At times it is desirable to delay sending a message that you have already begun to compose. When the <postpone-message> function is used in the compose menu, the body of your message and attachments are stored in the mailbox specified by the $postponed variable. This means that you can recall the message even if you exit Mutt and then restart it at a later time.

Once a message is postponed, there are several ways to resume it. From the command line you can use the -p option, or if you compose a new message from the index or pager you will be prompted if postponed messages exist. If multiple messages are currently postponed, the postponed menu will pop up and you can select which message you would like to resume.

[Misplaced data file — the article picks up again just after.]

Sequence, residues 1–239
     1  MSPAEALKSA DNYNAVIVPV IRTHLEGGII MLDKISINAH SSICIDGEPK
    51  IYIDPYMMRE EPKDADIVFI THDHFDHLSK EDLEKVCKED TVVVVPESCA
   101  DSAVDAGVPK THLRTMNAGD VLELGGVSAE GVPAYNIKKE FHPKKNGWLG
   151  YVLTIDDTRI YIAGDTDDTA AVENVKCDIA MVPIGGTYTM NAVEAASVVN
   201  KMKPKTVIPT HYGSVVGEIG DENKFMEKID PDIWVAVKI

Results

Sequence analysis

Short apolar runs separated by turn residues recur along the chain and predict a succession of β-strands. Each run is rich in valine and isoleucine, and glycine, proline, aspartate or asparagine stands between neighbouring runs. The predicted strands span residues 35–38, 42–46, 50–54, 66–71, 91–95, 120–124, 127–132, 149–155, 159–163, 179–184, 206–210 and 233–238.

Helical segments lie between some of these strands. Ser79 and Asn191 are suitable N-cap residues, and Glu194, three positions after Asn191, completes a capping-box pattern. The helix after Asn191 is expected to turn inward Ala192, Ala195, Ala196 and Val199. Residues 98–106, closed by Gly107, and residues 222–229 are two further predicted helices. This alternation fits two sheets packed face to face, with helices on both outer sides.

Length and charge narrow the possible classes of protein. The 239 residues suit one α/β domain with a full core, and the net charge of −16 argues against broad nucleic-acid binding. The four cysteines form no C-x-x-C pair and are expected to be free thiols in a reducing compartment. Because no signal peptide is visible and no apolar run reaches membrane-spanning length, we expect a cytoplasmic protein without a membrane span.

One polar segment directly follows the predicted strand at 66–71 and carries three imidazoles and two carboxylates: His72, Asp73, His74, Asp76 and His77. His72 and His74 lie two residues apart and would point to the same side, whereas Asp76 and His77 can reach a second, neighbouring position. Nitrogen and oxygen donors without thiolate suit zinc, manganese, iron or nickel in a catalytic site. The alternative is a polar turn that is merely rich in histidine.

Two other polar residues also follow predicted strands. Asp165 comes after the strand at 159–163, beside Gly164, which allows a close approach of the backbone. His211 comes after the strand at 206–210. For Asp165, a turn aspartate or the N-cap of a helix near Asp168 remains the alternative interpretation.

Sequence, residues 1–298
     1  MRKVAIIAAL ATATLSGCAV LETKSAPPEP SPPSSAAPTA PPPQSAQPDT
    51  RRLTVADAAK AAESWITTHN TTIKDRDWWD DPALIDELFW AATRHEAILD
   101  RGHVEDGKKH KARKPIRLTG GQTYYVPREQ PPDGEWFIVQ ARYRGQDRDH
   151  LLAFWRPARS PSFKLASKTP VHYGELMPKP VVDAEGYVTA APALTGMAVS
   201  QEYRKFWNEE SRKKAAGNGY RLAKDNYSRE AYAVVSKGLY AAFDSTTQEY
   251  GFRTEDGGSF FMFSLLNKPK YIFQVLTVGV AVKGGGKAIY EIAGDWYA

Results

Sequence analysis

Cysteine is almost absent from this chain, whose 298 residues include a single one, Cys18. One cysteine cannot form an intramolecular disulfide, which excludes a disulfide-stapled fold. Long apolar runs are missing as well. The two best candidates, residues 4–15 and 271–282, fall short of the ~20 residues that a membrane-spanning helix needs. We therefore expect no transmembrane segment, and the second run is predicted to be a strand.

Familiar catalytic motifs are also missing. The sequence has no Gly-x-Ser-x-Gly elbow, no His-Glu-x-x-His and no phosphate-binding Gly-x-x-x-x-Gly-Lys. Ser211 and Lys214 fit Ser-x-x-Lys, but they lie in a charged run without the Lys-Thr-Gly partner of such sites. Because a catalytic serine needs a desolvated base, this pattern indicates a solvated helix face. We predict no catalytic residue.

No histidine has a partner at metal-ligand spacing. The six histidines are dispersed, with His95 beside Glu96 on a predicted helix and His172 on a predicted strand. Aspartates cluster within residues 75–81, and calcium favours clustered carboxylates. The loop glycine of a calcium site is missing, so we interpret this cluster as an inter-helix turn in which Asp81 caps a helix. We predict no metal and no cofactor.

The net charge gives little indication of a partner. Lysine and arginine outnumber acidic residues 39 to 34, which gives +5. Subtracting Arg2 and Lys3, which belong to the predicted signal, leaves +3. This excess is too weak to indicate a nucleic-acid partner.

If you postpone a reply to a message, the reply setting of the message is only updated when you actually finish the message and send it. Also, you must be in the same folder with the message you replied to for the status of the message to be updated.

See also the $postpone quad-option.

9. Encryption and Signing

OpenPGP and S/MIME are enabled in one of two ways: classic mode or GPGME. The former invokes external programs to perform the various operations; it is better tested and more flexible, but requires some configuration. The latter uses the GnuPG project's GPGME library.

To enable classic mode, ensure GPGME is disabled and use the gpg.rc or smime.rc files that come with mutt. These are typically installed under /usr/local/share/doc/mutt/samples/. Source them, either directly or by copying them to your .mutt directory and sourcing them. Sourcing them directly from /usr/local/share/doc/mutt/samples/ has the benefit of automatically using fixes and security improvements to the command invocations, and is recommended.

unset crypt_use_gpgme